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And I just realized something, George said Cersei and Daenerys are parallels to each other, and both have three children of whom they really only "love" their favorite one. The other two are ignored and can't live up to the grandeur of the main child. 

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32 minutes ago, The Fattest Leech said:

And I just realized something, George said Cersei and Daenerys are parallels to each other, and both have three children of whom they really only "love" their favorite one. The other two are ignored and can't live up to the grandeur of the main child. 

Well, that could certainly be true. Do you have a source for that?

But it is quite clear that Cersei, at least, has some affection for Tommen and Myrcella. Else she wouldn't care for them at all. Viserion and Rhaegal will have to fend for themselves now, anyway. Daenerys has bonded with Drogon and even if she wanted to ride them, too, she can't. Not while Drogon is alive.

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7 minutes ago, Lord Varys said:

Well, that could certainly be true. Do you have a source for that?

You should know me better than that by now. Of course I do. 

7 minutes ago, Lord Varys said:

But it is quite clear that Cersei, at least, has some affection for Tommen and Myrcella. Else she wouldn't care for them at all. Viserion and Rhaegal will have to fend for themselves now, anyway. Daenerys has bonded with Drogon and even if she wanted to ride them, too, she can't. Not while Drogon is alive.

It's quite clear Cersei loves when people do things for her. She doesn't love anyone but herself... and Joffrey when he was a shit. 

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Somehow I think I've become a Cersei supporter/apologist/defender (not sure what the right word is). It really annoys me when people say Cersei does not love her children and/or Jaime. It just too simplistic of an interpretation imo. Cersei does love Jaime and her children. It's an unhealthy twisted sort of love, but it's love nonetheless. The tragedy of Cersei is that she never learned how to love in a healthy way and that issue is partially why she is the way she is. 

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14 minutes ago, Maxxine said:

Somehow I think I've become a Cersei supporter/apologist/defender (not sure what the right word is). It really annoys me when people say Cersei does not love her children and/or Jaime. It just too simplistic of an interpretation imo. Cersei does love Jaime and her children. It's an unhealthy twisted sort of love, but it's love nonetheless. The tragedy of Cersei is that she never learned how to love in a healthy way and that issue is partially why she is the way she is.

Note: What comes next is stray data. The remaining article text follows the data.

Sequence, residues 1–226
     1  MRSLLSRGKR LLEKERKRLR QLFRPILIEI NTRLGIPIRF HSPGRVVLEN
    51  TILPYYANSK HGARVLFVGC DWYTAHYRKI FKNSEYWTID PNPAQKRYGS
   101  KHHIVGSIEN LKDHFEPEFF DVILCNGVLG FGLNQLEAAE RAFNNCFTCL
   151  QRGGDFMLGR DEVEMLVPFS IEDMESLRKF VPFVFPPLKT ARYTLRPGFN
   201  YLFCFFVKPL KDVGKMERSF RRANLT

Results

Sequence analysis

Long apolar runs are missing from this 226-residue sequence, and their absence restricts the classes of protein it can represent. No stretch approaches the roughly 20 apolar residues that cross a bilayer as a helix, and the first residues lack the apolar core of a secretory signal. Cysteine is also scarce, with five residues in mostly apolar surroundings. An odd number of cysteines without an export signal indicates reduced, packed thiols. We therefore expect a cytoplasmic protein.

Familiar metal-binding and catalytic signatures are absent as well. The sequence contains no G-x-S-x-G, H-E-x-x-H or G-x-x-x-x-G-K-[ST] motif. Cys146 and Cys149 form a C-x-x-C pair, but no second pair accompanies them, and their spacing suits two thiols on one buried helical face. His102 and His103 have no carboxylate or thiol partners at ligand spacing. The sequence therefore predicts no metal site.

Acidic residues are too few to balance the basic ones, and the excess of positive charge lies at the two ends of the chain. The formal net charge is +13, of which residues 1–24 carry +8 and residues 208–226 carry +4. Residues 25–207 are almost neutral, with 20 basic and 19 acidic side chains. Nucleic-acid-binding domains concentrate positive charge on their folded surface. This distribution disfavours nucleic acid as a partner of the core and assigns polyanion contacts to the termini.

You win. 

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52 minutes ago, Lord Varys said:

That is because she is about as stupid as Jaime. Nobody taught her how to hold to power, nor did she have caring parents who taught her how to raise her children properly. Not to mention that noble parents didn't exactly spend much time with their children anyway.

She isn't stupid.  Or not entirely.  But like many people who scheme to get power, she doesn't know how to wield it.  Both Jaime and Cersei are reasonably intelligent by the standards of their peers, and somewhat cunning.  But Jaime has subliminated his whole sense of self to his fighting ability, and once it's gone, he goes off the deep end in the other direction to try and find meaning.  And as I said (and is said about her), while Cersei is intelligent, she's never been in the position Jaime is in now, where her entire worldview has come crashing down and forced her to re-evaluate herself and her choices, and thus she continues to fall prey to her weaknesses.  She's a victim of her own success, in many way.

56 minutes ago, Lord Varys said:

She used sex to bind the Kettleblacks to her, yes, but that didn't give him a lot of power she did not already have, it ensured she could use them as tools to do some rather dirty work - like killing the High Septon.

Well it did give her power - who was going to do that for her before she slept with the Kettleblacks?

57 minutes ago, Lord Varys said:

We have to wait and see about that. Jaime can get off the hook for Aerys, and perhaps even for Rhaegar's children. But not for Bran. He'll come and collect that particular debt. And it might involve some entrails dangling on the branches of the heart tree of Winterfell.